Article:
The Federal Reserve (also “the Fed”) is the central bank of the United States.  It behaves like a regulatory agency in some areas, but its main role in the file transfer industry is as the primary clearinghouse for interbank transactions batched up in files.  Nearly every bank or bank service center has a file transfer connection to the Fed.

As of January 2011 there were exactly three approved ways to conduct file transfer with the Federal Reserve.  These were:

  • Perform interactive file transfer through a web browser based application.  This has serious disadvantages to data centres which try to automate key business processes as the Fed’s interactive interface has proven to be resistant to screen scraping automation, and no scriptable web services are supported.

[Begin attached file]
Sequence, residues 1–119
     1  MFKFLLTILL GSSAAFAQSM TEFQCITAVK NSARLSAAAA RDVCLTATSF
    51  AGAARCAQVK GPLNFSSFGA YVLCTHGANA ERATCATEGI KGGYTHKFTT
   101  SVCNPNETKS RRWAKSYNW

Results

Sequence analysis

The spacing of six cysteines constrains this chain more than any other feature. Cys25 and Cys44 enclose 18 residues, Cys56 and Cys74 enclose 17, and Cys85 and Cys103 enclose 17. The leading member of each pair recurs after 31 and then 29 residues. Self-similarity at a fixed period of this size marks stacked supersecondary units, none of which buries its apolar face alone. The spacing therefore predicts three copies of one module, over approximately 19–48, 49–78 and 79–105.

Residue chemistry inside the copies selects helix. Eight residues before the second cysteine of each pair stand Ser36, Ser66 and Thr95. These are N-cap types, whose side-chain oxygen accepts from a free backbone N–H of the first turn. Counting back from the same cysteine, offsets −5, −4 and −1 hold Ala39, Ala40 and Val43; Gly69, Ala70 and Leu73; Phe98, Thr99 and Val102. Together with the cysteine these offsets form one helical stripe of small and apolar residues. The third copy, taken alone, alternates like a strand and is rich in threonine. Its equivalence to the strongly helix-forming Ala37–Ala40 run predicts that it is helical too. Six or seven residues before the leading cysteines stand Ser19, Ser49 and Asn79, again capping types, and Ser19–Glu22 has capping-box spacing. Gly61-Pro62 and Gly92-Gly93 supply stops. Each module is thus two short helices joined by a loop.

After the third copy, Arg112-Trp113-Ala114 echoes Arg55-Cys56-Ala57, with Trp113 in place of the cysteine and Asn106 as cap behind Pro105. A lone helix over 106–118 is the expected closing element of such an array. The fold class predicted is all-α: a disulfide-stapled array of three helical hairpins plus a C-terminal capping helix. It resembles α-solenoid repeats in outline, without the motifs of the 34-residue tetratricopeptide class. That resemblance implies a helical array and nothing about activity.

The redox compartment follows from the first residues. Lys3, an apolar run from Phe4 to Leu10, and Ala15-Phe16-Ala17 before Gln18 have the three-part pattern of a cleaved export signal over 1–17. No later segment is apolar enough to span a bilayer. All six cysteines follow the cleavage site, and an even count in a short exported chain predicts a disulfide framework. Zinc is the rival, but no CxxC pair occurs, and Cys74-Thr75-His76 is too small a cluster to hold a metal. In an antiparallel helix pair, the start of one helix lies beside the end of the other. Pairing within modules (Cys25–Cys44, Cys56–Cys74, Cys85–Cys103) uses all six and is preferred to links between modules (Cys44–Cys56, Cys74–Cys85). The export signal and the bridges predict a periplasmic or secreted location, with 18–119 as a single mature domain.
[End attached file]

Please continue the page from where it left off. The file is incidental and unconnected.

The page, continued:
• Perform automated file transfers through IBM’s Sterling Commerce software.  This is the Fed’s preferred method for high volumes.   Since Sterling Commerce software is among the most expensive in the file transfer industry, many institutions use a small number of installations of Sterling Commerce Connect:Direct for their Fed connections and use other automation software to drive Fed transfers through Perl scripts, Java applications or other methods.
  • Perform automated file transfers through Axway’s Tumbleweed software.  This is the Fed’s preferred method for medium volumes.  As with Connect:Direct, Tumbleweed Fed connections are often minimised and scripted by third-party software to reduce the overall cost of a Fed-connected file transfer installation.

The Federal Reserve’s official web site is

See also: “FFIEC” (umbrella regulation, including state chartered banks), “FDIC” (federally chartered banks), “NCUA” (credit unions), “OCC” (national and foreign banks) and “OTS” (savings and loans).